Look, feel, and play your best with correct piano posture! Use this handy sign to remind yourself of the basics of good posture every time you play.
What is Piano Posture?
In the same way that using good posture when you stand helps your body feel comfortable, confident, and strong, good piano posture leads to better, healthier piano playing. A good piano posture gives you more freedom and energy to create great music. It’s simply the best way to position your body and use your arms and hands when you’re playing the piano.
When Should You Start Using Good Piano Posture?
The best time to start is now! If you want to learn the piano, the first thing you need to do is learn the correct way to use your hands, arms, and body as you play. Without good posture from the start, you can develop bad habits that will be hard to break. This will slow your progress and keep you from being able to play your best.
It can take lots and lots of reminders to learn good piano posture, but once those correct habits are in place, you’ll always be able to play your best. To help remind you of what you need to do, we’ve created a helpful sign that you can print out and place on your piano. Be sure to check it every day before you play!
Piano Posture Basics
- Bench Position
When seated at the piano, it’s important for your piano bench to be at the correct height. This is the height that allows your forearm to be parallel with the floor when you rest your fingers on the keyboard. If you don’t have an adjustable piano bench, a cushion or a large book set on top of the bench can help. It’s also important to have your feet resting on something solid at the correct height for your knees to be comfortably bent at a right angle. Young children will need a foot stool, a crate, or even a stack of books to help them feel secure and stable at the bench.
- Tall Back
Slouching forward at the piano may seem easier, but it actually takes more energy and puts more stress on your body to keep it in a slouched position than it does to sit up straight! When you’re getting ready to play the piano, align your head and your spine so that your bone structure, not your muscles, are doing the work of supporting your body. Your shoulders should be comfortably relaxed, not scrunched forward, pulled too far back, or up high and tight. With a balanced, upright body position, you’ll have more energy for playing music and you’ll avoid getting tired, strained muscles in your neck and back.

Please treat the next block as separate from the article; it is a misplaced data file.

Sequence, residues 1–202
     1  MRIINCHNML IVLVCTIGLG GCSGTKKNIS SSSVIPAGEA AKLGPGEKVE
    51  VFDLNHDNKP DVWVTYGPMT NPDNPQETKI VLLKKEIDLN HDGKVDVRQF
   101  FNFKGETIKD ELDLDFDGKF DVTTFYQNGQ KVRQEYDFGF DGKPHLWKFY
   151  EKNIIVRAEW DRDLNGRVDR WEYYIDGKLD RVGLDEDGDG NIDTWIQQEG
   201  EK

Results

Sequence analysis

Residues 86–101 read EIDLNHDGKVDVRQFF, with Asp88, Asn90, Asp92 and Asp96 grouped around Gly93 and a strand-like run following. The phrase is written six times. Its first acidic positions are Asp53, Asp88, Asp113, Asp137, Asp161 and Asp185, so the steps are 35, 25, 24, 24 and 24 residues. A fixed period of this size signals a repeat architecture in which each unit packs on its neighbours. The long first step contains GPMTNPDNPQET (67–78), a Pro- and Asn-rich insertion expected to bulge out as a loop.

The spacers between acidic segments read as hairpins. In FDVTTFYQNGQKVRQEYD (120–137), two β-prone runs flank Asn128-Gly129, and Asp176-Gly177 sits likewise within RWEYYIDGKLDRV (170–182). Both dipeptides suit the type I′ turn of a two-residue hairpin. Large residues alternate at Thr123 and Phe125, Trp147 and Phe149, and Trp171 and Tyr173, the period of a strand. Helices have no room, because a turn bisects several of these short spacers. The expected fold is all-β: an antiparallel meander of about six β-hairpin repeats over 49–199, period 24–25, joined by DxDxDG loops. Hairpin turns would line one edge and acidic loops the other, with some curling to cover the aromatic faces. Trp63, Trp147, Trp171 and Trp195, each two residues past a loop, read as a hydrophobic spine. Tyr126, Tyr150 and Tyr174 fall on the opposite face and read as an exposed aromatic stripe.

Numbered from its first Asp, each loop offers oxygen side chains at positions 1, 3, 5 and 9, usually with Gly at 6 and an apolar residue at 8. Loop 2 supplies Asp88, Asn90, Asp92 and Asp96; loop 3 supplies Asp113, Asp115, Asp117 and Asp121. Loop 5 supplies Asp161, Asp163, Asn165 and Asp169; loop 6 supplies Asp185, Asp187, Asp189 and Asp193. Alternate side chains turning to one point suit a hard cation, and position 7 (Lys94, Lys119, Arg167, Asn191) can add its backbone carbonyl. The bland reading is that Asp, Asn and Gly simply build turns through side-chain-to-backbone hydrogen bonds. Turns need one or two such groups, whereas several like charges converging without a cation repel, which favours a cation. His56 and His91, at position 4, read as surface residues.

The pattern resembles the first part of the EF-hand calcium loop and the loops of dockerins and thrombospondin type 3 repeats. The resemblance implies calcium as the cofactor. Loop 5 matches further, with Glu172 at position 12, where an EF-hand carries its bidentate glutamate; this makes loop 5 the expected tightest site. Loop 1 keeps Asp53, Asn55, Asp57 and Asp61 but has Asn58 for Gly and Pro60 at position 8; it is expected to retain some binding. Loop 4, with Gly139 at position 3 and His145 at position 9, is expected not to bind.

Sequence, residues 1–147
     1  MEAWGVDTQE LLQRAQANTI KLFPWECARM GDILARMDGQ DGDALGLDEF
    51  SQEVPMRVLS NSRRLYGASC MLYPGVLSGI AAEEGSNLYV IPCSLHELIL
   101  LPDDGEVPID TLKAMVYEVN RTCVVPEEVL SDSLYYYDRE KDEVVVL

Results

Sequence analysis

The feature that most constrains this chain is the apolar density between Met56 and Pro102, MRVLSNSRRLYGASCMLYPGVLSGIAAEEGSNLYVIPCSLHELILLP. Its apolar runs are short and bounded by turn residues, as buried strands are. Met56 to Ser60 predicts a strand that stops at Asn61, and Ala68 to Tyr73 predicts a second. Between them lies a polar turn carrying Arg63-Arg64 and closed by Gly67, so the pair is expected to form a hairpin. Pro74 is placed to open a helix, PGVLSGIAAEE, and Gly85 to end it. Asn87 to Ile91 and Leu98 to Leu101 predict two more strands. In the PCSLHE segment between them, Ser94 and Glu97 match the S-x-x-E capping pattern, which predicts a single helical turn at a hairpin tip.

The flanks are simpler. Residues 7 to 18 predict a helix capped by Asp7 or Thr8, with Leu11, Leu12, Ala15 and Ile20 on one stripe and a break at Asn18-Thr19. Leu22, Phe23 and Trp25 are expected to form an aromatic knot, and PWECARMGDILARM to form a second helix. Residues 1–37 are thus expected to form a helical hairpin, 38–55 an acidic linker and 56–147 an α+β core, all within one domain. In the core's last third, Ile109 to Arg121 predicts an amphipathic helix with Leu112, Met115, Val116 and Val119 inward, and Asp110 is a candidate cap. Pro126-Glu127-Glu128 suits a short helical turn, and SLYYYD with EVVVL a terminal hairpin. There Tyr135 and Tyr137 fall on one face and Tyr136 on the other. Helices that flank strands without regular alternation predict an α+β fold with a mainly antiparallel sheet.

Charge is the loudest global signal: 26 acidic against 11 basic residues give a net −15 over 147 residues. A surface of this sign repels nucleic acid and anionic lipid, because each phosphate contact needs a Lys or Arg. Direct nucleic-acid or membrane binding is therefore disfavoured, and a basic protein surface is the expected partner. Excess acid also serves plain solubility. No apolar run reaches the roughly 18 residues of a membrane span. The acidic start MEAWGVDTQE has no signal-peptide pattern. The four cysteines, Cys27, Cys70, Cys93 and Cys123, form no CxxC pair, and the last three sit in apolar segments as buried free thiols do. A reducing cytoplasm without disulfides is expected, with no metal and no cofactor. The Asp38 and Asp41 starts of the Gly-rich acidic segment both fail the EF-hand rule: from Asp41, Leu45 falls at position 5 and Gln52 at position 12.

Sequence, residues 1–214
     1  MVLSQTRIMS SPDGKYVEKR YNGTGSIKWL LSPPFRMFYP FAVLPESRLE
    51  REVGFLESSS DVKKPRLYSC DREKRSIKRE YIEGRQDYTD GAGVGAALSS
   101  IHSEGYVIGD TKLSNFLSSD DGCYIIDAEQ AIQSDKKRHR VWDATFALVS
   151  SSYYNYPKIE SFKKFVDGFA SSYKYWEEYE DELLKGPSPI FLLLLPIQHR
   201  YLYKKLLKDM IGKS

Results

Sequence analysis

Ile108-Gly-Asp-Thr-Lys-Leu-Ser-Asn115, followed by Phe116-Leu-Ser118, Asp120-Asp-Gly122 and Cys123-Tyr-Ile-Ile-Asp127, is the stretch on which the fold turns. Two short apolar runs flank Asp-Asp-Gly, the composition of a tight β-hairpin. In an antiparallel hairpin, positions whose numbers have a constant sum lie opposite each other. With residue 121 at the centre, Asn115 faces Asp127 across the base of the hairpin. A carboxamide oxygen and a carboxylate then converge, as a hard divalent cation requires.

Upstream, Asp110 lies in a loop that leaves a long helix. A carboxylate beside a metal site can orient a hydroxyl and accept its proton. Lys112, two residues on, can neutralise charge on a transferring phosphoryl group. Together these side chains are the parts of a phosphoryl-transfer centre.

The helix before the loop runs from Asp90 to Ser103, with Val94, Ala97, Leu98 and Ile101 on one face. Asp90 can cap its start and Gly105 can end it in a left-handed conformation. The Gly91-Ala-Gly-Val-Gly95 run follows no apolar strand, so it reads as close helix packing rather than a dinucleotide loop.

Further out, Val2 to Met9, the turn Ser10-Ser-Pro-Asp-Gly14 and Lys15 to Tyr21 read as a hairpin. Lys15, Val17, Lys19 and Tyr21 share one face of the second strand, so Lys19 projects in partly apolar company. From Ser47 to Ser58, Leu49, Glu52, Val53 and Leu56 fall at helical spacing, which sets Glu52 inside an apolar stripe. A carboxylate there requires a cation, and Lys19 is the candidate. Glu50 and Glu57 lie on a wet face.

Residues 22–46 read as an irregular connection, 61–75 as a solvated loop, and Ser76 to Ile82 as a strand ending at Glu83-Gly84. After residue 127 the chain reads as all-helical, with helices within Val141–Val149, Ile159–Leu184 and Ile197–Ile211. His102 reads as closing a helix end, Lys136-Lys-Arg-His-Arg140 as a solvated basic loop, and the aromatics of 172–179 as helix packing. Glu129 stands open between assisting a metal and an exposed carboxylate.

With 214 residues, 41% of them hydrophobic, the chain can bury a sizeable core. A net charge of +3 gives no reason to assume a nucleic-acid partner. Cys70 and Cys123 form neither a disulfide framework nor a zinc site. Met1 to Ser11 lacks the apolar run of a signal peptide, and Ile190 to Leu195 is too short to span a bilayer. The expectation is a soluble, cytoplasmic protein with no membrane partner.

- Arm Weight
When you play the piano, you want to use the weight of your whole arm to play the keys, not just the tiny muscles that control your fingers. On the other hand, you don’t want to force your arm downward. Let gravity do the work! A good way to practice this is to sit back from the keyboard and hold your arms in front of you as if you were going to play. Now relax your arms and let them drop into your lap. Feel the weight pulling them down? That’s the feeling you want when you press down on a piano key. Now move close to the keyboard and try it. Be sure to keep your wrist flexible. It should drop down a little as your arm lowers, then lift as you raise your arm to get ready to play the next note.
- Finger Shape
When you play the piano, keep your fingers in a relaxed, curved shape. To find the right shape, simply stand up and let your hands hang loose at your sides. Your fingers will naturally form the correct shape. Now, without changing the position of your fingers, place your hand on the piano. Notice how each finger curves in a nice round shape as if you’re gently holding a ball. Your thumb is straight, and the side of it touches the piano key. When you play a key, be sure to keep the curve of your finger bending out. Don’t let it buckle in. Also, remember to keep your wrist level but flexible so that it can move up and down with your arm.
When you follow these four basics of good piano posture, you’ll enjoy the benefits of being more comfortable at the piano and of getting the best sound for the least amount of effort. Always using good posture will help you learn faster too!
Ready to build proper piano posture habits? Download this printable sign and place it on your piano so that you’ll always remember how to look, feel, and play your best.